Heriberto Perdomo, often identified as El Aissami’s front man, was also arrested on Sunday. At the time of his arrest, Perdomo – who owns several office buildings in the Las Mercedes commercial district of Caracas, including a Ferrari dealership – was found with $36 million in cash in his home.

Venezuela’s vice president of Economy Tareck El Aissami delivers a speech during the Venezuela-Turkey binational meeting with the participation of businessmen from both countries at the Miraflores presidential palace in Caracas, on January 24, 2023. (YURI CORTEZ/AFP via Getty Images)

Socialist lawmaker and former Minister of University Education Hugbel Roa, another man close to El Aissami, was also arrested over the weekend. Roa is accused of being involved in cases of embezzlement of PDVSA funds and for his alleged links to a network of prostitution of young girls.

As reported by the Financial Times on Monday, some observers believe that the Maduro regime’s corruption probe is part of a politically motivated purge in anticipation of scheduled sham elections next year.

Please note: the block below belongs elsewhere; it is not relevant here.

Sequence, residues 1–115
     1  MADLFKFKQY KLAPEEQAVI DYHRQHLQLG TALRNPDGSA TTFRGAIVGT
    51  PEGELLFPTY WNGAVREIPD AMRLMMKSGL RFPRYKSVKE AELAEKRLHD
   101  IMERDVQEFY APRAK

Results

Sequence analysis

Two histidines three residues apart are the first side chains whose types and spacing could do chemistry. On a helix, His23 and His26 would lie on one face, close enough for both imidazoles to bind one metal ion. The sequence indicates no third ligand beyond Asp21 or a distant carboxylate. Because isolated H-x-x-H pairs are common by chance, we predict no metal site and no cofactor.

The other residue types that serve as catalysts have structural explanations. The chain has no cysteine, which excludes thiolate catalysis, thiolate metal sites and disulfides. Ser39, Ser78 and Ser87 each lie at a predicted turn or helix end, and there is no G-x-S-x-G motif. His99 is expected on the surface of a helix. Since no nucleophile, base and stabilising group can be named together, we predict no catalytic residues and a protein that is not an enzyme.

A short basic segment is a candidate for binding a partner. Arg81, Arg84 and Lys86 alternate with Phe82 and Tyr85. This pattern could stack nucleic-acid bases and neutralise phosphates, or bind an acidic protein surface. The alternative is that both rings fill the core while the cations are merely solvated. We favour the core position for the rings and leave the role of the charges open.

Argentine news website Infobae reported on Friday that, according to Venezuelan journalist Ibéyise Pacheco, the purge of government officials is due to “the outbreak of an internal struggle” between El Aissami and siblings Delcy and Jorge Rodríguez, Maduro’s vice president and the head of the National Assembly, respectively. Like El Aisammi, both Rodríguez siblings have held different high-ranking positions in the Venezuelan socialist regime.

Given its status as one of the world’s most corrupt governments, it is close to impossible to determine the total amount of economic loss that Venezuela has suffered under the auspices of the socialist Maduro regime.

Reports published in 2021 indicated that by that time, it was estimated that the socialist regime’s corruption alone had caused Venezuela to suffer losses ranging between $300-$500 billion throughout its more than two decades of rule.

Christian K. Caruzo is a Venezuelan writer and documents life under socialism. You can follow him on Twitter here.